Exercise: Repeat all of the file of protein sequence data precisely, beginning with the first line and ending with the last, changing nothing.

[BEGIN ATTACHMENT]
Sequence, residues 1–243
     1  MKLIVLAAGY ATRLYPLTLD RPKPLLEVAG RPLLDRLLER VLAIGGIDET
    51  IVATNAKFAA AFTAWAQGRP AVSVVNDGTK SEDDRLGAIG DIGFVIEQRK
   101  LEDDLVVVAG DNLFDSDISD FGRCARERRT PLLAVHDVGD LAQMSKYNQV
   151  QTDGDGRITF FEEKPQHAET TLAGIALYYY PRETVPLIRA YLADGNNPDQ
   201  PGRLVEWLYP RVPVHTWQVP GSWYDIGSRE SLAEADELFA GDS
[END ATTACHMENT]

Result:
Sequence, residues 1–243
     1  MKLIVLAAGY ATRLYPLTLD RPKPLLEVAG RPLLDRLLER VLAIGGIDET
    51  IVATNAKFAA AFTAWAQGRP AVSVVNDGTK SEDDRLGAIG DIGFVIEQRK
   101  LEDDLVVVAG DNLFDSDISD FGRCARERRT PLLAVHDVGD LAQMSKYNQV
   151  QTDGDGRITF FEEKPQHAET TLAGIALYYY PRETVPLIRA YLADGNNPDQ
   201  PGRLVEWLYP RVPVHTWQVP GSWYDIGSRE SLAEADELFA GDS